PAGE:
Barney Curley – One of the Worst Nightmares of English and Irish Bookmakers
With the excitements around the Cheltenham Festival, punters and betting houses are in continual interaction.
The Cheltenham Festival is one of the major horse racing events of the year and bettors from the UK and Ireland are wagering millions of pounds. Naturally, bookies want as many punters are possible, but there is one that they fear “almost to death.”
The person in question is Barney Curley, who in contrast with the majority of punters is extremely successful professional bettor.
He spent the last 30 years training horses and his gambling success has been a huge matter of interest and the overall conclusion is that he doesn’t consider gambling the same way as everyone else.
He is not a gambler, but more of a businessman who finds the betting market a great investment option. He bets extremely large six figures’ amounts of money and this is what causes a lot of trouble for Irish bookmakers and mobile sportsbooks.
Most of Curley’s wins are on relatively cheap horses that he was training at his Newmarket yard, until he retired in 2012.
His primarily advantage to the bookmakers is the fact that he has first-hand knowledge of the strengths and weaknesses of the horses. Additionally, he also hires only trusted employees to take care of the horses and the bets, so that his betting plots are always secure.
An example of his successful strategies happened in May 2010, when he tricked the bookies for close to GBP 4 million, executing a precisely planned arrangement, which was a repeat of the famous Yellow Sam coup, which happened in Ireland in 1975.
This first coup was almost a must for Curley, as he was in severe debt to the bookmakers. His solution was Yellow Sam, a non-special horse, which was his property and won the race.
The trick that Curley made was possible because the communication between the off-course bookmakers and their on-course colleagues was interrupted at a very important moment, by Benny O’Hanlon, an assistant of Curley, who was smartly using the in the only phone in Bellewstown.
This was the time when the bookies would have taken the starting price down expressively and right at that moment, Curley’s contacts placed small bets all around the country.
For its time, this was the most valuable legal betting operation, which made it into the gambling news and everybody got their money, costing the Irish bookmakers close to GBP 300,000, which is GBP 2 million today.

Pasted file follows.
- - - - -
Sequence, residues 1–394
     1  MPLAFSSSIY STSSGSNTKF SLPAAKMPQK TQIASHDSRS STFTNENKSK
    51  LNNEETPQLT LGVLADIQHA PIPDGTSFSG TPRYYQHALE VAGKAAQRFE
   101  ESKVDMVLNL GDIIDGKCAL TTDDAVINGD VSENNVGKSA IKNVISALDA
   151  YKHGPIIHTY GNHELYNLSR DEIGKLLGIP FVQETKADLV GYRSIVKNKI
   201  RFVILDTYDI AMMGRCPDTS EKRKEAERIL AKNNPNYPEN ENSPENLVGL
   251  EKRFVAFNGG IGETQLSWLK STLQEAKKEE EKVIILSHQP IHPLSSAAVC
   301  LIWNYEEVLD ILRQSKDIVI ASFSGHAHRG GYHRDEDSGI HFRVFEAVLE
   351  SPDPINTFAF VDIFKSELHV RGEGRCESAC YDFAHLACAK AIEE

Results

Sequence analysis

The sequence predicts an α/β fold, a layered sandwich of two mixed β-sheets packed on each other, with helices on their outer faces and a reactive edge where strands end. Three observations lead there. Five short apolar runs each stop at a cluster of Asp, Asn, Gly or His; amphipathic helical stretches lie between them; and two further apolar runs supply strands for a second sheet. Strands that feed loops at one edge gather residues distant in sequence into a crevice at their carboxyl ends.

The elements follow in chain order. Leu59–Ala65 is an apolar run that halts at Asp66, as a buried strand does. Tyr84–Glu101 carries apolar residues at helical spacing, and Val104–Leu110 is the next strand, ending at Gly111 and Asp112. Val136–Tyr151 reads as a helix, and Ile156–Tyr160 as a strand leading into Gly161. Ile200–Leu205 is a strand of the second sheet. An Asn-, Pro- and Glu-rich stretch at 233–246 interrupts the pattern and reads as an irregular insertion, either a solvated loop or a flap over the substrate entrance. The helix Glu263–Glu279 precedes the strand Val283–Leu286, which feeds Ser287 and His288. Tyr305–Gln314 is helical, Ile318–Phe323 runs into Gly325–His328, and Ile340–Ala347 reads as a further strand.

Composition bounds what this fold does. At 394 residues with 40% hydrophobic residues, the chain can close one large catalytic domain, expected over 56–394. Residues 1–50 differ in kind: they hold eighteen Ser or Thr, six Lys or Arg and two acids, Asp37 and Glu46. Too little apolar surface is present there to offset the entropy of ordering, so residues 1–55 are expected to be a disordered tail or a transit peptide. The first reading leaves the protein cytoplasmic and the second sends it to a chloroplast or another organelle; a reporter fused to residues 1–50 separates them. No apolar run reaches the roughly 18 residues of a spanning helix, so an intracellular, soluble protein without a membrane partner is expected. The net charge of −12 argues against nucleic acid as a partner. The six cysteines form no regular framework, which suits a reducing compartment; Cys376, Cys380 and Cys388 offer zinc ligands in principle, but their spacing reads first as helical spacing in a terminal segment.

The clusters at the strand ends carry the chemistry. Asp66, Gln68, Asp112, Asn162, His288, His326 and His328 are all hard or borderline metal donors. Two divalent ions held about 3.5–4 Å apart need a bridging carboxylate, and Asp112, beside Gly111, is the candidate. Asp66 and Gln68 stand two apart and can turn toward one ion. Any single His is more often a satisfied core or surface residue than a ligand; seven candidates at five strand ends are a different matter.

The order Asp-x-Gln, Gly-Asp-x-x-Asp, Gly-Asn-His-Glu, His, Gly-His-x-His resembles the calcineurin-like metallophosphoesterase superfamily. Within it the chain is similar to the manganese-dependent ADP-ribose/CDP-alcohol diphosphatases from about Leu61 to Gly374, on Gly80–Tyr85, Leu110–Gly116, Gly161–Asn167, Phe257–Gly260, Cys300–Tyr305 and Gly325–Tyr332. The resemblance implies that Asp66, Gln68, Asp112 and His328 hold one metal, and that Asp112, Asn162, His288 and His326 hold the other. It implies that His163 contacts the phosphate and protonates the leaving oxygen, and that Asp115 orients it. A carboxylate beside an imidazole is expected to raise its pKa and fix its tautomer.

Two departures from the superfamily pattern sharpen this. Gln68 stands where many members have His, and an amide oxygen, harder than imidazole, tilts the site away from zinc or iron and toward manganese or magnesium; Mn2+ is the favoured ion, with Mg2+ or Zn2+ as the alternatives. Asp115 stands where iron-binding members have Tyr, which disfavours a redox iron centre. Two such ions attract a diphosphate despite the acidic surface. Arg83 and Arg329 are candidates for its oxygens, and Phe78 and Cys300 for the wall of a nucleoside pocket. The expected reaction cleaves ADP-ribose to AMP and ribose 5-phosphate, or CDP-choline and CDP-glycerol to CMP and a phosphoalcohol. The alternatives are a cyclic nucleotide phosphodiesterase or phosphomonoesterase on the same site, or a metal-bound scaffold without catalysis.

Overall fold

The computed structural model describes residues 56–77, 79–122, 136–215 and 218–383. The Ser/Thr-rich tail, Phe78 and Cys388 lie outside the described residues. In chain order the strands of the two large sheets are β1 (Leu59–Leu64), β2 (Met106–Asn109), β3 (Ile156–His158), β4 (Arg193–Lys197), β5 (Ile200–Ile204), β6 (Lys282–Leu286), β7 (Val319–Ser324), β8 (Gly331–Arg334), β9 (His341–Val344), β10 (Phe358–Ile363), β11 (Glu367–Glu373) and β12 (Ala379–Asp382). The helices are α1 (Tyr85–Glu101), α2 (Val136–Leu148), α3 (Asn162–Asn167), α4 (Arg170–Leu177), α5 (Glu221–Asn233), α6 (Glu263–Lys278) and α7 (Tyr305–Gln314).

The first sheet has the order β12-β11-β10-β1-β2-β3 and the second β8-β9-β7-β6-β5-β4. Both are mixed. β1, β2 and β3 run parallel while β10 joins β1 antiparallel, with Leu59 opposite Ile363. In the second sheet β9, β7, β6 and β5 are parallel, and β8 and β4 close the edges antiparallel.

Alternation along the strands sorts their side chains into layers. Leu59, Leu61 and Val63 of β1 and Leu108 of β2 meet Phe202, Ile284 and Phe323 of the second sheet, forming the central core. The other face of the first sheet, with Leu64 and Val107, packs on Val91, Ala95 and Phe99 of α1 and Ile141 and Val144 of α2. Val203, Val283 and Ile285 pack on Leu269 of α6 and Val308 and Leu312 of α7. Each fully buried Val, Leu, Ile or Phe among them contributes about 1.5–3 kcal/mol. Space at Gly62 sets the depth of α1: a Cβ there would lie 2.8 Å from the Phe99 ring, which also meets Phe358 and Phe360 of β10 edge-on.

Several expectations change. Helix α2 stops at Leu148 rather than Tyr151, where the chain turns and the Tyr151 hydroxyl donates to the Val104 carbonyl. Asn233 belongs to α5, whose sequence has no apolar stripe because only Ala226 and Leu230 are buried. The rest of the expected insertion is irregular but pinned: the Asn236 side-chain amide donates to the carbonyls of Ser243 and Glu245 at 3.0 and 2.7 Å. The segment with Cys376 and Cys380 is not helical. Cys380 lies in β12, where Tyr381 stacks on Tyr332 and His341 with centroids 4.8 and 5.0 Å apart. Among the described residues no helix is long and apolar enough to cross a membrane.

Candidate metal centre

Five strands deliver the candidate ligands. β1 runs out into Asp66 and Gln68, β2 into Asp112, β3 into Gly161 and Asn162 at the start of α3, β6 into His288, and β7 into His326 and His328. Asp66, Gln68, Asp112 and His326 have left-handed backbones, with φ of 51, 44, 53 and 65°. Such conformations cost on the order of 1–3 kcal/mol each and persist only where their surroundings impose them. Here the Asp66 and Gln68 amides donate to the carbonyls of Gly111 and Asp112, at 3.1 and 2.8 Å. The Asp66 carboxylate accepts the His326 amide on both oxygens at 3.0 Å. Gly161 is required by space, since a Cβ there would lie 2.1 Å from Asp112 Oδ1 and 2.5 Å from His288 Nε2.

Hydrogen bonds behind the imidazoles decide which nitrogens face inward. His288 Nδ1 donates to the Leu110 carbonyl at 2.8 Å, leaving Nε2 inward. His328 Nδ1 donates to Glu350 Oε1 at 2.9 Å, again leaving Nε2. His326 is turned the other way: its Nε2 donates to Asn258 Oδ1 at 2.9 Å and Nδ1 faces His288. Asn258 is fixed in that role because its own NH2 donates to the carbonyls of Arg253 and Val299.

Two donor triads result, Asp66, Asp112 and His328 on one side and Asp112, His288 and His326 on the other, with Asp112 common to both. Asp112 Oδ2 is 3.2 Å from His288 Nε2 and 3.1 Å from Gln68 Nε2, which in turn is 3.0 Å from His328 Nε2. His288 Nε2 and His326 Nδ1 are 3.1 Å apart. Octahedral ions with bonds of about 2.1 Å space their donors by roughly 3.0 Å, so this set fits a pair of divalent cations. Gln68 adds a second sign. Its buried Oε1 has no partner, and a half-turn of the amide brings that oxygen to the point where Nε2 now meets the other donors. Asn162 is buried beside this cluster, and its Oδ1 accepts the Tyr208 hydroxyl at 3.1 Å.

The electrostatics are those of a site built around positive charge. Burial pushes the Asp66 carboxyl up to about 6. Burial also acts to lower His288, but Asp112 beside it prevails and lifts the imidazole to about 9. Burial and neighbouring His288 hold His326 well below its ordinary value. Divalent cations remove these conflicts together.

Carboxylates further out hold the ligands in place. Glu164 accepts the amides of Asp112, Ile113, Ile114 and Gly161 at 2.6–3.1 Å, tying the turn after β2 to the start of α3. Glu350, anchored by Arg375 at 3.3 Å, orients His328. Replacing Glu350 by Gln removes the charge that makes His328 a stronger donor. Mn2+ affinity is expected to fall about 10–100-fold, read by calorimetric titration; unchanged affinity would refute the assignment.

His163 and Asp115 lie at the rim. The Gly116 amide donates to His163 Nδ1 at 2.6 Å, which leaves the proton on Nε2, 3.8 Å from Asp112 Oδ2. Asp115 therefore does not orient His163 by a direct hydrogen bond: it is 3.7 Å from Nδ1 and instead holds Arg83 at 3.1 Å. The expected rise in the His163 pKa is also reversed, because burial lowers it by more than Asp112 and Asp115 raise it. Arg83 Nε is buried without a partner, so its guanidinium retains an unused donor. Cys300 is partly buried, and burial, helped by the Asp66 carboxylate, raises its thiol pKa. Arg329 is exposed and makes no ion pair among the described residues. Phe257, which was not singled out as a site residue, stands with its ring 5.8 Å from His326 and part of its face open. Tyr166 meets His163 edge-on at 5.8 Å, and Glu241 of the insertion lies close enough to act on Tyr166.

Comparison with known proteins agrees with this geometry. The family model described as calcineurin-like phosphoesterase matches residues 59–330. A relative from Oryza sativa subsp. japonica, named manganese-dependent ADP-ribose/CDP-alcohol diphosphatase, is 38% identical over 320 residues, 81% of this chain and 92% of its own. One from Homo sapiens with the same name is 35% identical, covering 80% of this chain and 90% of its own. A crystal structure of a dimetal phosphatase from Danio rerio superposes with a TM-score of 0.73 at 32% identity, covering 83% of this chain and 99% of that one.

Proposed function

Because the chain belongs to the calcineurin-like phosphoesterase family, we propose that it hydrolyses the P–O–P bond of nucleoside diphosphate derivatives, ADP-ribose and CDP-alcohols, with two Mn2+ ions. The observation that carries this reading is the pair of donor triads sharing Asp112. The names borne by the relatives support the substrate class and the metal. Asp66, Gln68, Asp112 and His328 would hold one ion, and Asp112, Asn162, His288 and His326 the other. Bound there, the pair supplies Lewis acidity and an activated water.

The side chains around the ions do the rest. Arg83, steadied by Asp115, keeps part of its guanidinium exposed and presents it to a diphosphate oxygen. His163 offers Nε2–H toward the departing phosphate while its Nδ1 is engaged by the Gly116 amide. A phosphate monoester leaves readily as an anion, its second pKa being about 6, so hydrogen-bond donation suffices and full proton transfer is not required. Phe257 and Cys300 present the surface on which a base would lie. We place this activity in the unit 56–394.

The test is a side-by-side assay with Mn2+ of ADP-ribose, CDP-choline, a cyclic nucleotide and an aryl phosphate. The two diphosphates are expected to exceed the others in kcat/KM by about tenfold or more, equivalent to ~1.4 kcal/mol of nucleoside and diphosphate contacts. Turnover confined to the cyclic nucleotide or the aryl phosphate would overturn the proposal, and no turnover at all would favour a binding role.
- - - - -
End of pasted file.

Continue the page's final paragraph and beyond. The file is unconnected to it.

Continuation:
Later on, it seemed that Curley is not at the betting stage anymore, performing various schemes. He was devoting his time to Direct Aid for Africa, his charity found in 1996, supported by many people in the racing sport.
However, at the same time while being a model citizen, he was planning his bravest coup of all. Four horses were involved in the scheme, which were participating in low-key races around the country.
Three of them were trained by Curley and one by an ex-employee. His associates placed hundreds of small multiple bets at extremely profitable odds in countless betting shops in the UK and Ireland.
Three of the four horses won. Despite the fact that one lost, Curley still took GBP 3.9 million from the unfortunate bookies. If the fourth horse had won, the total might have been around GBP 20 million.
To prove everyone wrong
This was Curley’s response to all those people who thought that his gambling career was over. He proved everyone wrong with this outstandingly planned performance.
One of them was Frankie Dettori, former jockey champion, who was mentored by Curley in his young riding performances. He told Curley: “The word on the street is that you’ve lost your touch.” To that, Curley responded with a cold heart: “I’m going to earn more in one day than you earn in a year.” Dettori simply laughed and said: “Dream on.”
It certainly was not a dream, and the bookies, which were involved and had to pay millions, were the living evidence of Curley’s mastermind.
Still in shape
This performance was considered by most people as the amazing end to Curley’s affair with gambling, but he didn’t seem to have settled with that.
In January 2014, there was another big win of around GBP 2 million, which was a classic betting coup performed again on four low-key races, at Lingfield, Catterick, and two at Kempton. The style completely resembled Curley’s, but he didn’t want to comment.
However, everything was leading to him, as the horses which won all had some sort of connection to him and hadn’t won in the last 4 years.
The Ladbrokes spokesperson confessed: “It’s a day to forget. But we don’t expect a great deal of sympathy and we won’t be reaching for the violins.” Six weeks after the coup, Curley finally declared his involvement and said that the experience was “very satisfying.”